The levelling-up fund will be allocated competitively and is open to all local areas. As we set out in the prospectus published at Budget, the index used for the levelling-up fund places areas in category 1, 2 or 3 based on their need for economic recovery and growth, improved transport connectivity, and regeneration.
If the Minister does not mind my saying so, that index seems to be working in a rather curious way. It has not escaped anyone’s attention that some Tory target areas in England seem to have done extraordinarily well out of this fund, yet areas such as mine in the north-east of Scotland—Aberdeen City Council and Aberdeenshire Council—are languishing in levels 2 and 3 of the fund, despite being forecast to be hit hardest by Brexit. We know there was a power grab with the United Kingdom Internal Market Act 2020. Is not the truth that we are now seeing a corresponding cash grab, because the Conservative Government know that not even all the rhetoric in the world about shared prosperity and precious Unions can spare their party from the hiding it is set to get from Scottish voters on 6 May?
It is hard to see how the £150,000 per local authority that we have already committed to is a cash grab from Scottish communities. We are investing directly in Scottish communities, with £125,000 in capacity funding already. This is a bidding process, and rightly so, but we are providing that capacity funding, and for the first round of funding at least 9% of the UK allocations will be in Scotland. As I said earlier, we are hugely excited about the opportunities we have now to work directly with communities in Scotland. We have already been in touch, of course, with Aberdeen City Council and Aberdeenshire Council to ensure that they have a good understanding of the levelling-up fund, including, importantly, securing support from Members of Parliament. I very much hope that the hon. Gentleman will play a full part in that process.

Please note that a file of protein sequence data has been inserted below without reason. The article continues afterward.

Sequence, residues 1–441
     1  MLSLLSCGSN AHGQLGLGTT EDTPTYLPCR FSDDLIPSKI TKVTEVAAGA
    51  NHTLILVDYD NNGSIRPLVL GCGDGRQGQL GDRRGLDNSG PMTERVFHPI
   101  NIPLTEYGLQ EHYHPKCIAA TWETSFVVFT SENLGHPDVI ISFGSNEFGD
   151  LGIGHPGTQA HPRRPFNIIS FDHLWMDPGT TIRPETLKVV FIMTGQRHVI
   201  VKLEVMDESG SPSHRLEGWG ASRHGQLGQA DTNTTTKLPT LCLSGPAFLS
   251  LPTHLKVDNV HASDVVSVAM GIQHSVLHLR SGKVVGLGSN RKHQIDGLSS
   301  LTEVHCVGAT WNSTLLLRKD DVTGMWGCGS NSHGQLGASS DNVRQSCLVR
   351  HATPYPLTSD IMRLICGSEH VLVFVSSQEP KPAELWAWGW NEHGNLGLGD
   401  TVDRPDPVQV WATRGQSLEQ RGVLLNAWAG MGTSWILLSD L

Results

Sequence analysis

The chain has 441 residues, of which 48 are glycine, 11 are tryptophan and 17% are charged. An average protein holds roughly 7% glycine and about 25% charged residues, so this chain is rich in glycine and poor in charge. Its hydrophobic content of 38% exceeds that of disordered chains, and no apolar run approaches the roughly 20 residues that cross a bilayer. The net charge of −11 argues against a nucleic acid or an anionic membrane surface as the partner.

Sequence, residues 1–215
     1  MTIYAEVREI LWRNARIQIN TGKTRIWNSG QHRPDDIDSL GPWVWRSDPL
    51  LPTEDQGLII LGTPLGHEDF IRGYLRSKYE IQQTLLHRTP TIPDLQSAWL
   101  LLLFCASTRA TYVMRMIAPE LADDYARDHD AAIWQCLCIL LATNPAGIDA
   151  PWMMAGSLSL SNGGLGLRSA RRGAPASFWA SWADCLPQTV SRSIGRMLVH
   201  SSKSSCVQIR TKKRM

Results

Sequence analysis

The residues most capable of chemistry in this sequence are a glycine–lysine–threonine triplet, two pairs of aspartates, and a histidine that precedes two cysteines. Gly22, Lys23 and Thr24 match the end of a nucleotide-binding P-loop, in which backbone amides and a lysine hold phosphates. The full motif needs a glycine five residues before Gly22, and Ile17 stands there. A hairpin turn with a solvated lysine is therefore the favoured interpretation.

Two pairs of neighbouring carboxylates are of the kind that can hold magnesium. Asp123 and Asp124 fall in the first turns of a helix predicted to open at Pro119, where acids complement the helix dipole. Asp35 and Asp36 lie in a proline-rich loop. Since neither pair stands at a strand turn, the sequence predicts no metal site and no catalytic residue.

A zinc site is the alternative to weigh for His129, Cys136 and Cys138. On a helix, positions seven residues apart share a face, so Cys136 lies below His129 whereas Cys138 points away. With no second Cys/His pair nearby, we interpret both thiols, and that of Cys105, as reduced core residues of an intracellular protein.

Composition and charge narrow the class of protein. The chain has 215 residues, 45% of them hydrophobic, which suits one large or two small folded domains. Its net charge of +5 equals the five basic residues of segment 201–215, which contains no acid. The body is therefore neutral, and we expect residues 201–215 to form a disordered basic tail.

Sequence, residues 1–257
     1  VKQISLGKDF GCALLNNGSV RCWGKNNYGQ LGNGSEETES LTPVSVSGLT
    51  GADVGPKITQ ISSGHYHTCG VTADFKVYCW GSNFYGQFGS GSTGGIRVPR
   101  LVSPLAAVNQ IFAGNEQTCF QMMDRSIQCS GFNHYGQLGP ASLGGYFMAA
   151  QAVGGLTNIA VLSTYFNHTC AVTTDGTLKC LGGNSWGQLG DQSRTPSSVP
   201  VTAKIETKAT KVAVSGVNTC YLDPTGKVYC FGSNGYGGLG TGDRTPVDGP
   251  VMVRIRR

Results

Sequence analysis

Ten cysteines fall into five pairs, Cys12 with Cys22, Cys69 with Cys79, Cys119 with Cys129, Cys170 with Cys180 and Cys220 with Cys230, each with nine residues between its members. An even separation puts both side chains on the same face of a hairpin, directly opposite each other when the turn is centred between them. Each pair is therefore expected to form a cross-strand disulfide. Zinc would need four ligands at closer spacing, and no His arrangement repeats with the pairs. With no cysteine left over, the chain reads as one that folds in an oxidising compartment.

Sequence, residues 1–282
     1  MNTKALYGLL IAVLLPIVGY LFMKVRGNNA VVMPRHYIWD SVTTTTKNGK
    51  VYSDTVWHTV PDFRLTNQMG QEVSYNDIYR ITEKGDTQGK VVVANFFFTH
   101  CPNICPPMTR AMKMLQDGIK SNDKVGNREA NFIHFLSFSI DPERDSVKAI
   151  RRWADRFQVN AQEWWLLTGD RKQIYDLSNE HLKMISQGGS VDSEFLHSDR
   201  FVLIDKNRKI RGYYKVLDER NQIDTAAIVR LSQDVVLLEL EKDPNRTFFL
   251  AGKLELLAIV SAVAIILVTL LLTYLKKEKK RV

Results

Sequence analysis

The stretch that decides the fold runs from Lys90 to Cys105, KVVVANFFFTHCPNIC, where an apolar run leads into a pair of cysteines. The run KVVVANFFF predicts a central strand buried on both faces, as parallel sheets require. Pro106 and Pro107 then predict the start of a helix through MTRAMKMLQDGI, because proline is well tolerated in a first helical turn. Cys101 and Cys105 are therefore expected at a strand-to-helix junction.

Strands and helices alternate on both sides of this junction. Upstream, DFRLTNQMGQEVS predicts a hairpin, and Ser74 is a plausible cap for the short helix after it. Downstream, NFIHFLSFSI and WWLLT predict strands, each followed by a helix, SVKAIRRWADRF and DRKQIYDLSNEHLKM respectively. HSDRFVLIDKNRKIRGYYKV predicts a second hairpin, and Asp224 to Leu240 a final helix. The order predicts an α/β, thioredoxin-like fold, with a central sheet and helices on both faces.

I am afraid that answer simply is not good enough. Not only are the Tories seeking to bypass devolution; they are also seeking to bypass the needs of Aberdeen. One hundred and twenty-three local authorities have been placed in pot 1, yet Aberdeen has been dumped in pot 2. The consequence of that is clear for all to see: it means that we will not have access to the funding that we need at this moment in time. Aberdeen accounts for a third of all job redundancies in Scotland since the start of the pandemic. If that is not a criterion for funding, what is?
It is published fully and frankly on the Government website. The hon. Gentleman can have a look at it; I would advise him to do so. Authorities are already receiving capacity funding, so it is not true in any way to infer that every single Scottish local authority will not receive support through this initiative. We are hugely excited about the opportunities this presents us with. We are going to be investing directly into communities. There is huge support for this funding. I strongly urge the hon. Gentleman both to read the documentation on the website and to get involved in playing a full part in the process.